The two women perform poetry together, and one night they attract the attention of Melissa, a successful, mentoring photographer who wants to shoot them for a profile. She might want to shoot them for another reason later, when Frances’ infatuation with Melissa’s actor husband Nick is returned. To make matters worse, Bobbi has a crush on Melissa. Frances will seem familiar to anyone who’s ever been described as “smart but awkward;” on her way to Melissa’s for the first time, she thinks, “I felt excited, ready for the challenge of visiting a stranger’s home, already preparing compliments and certain facial expressions to make myself seem charming.” Looking at the photos taken of her by Melissa “as if I were a stranger on the Internet seeing it for the first time,” Frances thinks, “even I could see I had character.”

When Frances goes from a more careful consideration of life to trying to live in the moment, she finds this seductive way of life makes it difficult to navigate already potentially fraught friendships. Frances’ relationships with her father, Melissa, and, worst, Bobbi, begin to suffer. This situation may seem cliché, but creative types know that art is all about explaining familiar situations in new ways. Conversations With Friends is written with grace and clarity of voice, and things don’t work out quite the way you’d think they might.

3. The Veneration of Monsters by Suzanne Burns ($17): Some of the best, most captivating art can be described as “escapist,” taking you out of the boring, dreary world of reality. The women in Burns’ collection of short fiction take escapism to a new level, creating, inviting, and, yes, venerating the monsters in their lives. Who needs to deal with isolation if she can work magic?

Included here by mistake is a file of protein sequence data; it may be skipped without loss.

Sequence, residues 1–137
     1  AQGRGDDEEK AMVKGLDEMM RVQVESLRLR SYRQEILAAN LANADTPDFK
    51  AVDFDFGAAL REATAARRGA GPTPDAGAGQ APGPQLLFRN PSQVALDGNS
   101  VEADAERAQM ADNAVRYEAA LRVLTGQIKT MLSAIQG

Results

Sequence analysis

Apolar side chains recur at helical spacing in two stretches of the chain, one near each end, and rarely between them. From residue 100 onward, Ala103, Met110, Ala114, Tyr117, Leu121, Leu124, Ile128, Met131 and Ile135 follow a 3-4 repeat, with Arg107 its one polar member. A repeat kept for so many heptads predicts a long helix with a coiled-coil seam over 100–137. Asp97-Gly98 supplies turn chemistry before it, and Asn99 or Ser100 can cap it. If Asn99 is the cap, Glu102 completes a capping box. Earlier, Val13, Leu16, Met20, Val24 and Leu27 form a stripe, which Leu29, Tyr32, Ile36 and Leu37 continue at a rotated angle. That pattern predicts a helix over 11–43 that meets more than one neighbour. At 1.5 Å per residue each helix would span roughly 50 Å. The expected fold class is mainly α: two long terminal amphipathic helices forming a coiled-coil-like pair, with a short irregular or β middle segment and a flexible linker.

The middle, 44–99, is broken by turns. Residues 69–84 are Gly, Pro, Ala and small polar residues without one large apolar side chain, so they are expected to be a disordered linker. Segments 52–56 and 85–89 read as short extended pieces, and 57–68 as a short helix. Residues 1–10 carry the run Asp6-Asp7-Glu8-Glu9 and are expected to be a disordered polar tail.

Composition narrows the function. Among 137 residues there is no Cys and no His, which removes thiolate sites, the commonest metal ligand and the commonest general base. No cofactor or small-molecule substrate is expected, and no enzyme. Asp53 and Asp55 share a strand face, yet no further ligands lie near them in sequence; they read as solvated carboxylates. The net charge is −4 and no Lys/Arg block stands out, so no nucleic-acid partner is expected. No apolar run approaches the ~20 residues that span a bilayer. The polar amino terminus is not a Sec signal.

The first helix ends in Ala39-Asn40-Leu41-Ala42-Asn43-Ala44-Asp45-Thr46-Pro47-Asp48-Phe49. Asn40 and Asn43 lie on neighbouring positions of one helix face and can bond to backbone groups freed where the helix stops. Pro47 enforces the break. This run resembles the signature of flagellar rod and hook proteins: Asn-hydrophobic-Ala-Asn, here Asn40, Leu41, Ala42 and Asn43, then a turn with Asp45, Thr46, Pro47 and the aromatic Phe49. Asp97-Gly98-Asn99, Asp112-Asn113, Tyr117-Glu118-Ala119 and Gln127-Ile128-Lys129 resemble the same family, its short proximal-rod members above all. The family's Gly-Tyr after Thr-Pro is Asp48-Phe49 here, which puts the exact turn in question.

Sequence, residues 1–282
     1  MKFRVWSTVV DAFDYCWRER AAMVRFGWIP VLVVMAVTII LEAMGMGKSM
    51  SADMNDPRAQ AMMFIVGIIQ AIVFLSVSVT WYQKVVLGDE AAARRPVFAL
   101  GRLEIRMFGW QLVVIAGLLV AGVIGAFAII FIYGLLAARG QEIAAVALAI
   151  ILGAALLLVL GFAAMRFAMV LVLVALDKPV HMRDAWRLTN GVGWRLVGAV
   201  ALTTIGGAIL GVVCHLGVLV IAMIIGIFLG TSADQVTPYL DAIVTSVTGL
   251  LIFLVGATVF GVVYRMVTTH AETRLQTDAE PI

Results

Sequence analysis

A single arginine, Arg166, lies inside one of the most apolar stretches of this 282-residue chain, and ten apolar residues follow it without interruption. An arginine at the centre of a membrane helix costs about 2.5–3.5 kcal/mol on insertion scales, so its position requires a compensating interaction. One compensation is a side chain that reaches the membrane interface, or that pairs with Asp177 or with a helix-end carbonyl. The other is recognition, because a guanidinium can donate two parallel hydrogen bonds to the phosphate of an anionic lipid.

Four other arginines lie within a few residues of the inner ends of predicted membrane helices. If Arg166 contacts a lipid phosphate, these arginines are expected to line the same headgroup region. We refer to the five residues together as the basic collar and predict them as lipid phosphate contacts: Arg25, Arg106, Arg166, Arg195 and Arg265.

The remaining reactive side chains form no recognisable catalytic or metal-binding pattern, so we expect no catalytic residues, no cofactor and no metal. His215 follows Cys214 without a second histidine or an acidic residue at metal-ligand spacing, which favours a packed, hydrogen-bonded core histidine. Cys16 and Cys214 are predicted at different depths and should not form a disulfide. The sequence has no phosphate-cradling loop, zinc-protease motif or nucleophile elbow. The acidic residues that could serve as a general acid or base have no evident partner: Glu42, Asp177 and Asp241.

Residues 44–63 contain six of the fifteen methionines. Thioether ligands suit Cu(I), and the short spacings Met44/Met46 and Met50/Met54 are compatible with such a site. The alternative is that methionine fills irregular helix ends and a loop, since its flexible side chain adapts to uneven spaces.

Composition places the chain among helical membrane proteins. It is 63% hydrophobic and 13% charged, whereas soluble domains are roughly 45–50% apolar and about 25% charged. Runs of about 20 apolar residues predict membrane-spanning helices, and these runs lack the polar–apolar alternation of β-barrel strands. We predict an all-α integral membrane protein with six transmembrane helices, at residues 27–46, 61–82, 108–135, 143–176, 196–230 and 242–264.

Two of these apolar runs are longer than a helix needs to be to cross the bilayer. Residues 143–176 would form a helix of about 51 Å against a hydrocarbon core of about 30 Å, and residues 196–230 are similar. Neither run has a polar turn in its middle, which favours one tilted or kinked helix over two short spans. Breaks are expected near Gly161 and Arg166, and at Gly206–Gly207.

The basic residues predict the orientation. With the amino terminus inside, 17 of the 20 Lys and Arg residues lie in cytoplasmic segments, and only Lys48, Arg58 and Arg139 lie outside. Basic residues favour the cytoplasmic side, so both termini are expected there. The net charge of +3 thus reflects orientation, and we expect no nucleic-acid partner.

The stories run the fantasy gamut, and each is wilder and stranger than the next. In Selfie, 30something Violet runs a goth blog and successfully conjures a real vampire boyfriend: But is it for love, or page views? In another story, the man of Cherise’s dreams may be just that — less real than bagging a vampire. The heroine of “Best of Show” is married to the smallest man in the world; perhaps unsurprisingly, her fantasy leads her to consider an affair. Irene, in “Just the Right Kind of Stranger,” is fascinated by violence and those who perpetrate it, coming closer and closer to switching from the victim to the villain.

“Unwound” stars Lara, who takes the old story about the woman with a ribbon tied around her neck (spoiler alert: It’s keeping her head on) to new and grotesque ends. “The Unfortunate Act of Falling” hints to the effect of event and narrative on a town’s self-identity, as housewife Joan obsesses over the change to her town after the death of one of its children. One story is even a sequel to her most popular story (“Tiny Ron”) in Burns’ first short story collection, Misfits and Other Heroes. Burns implies that all of us tell ourselves these kinds of stories; writer or reader, anyone can be the creative type.

What books spark your creativity? Tag us in your next artistic read @BritandCo.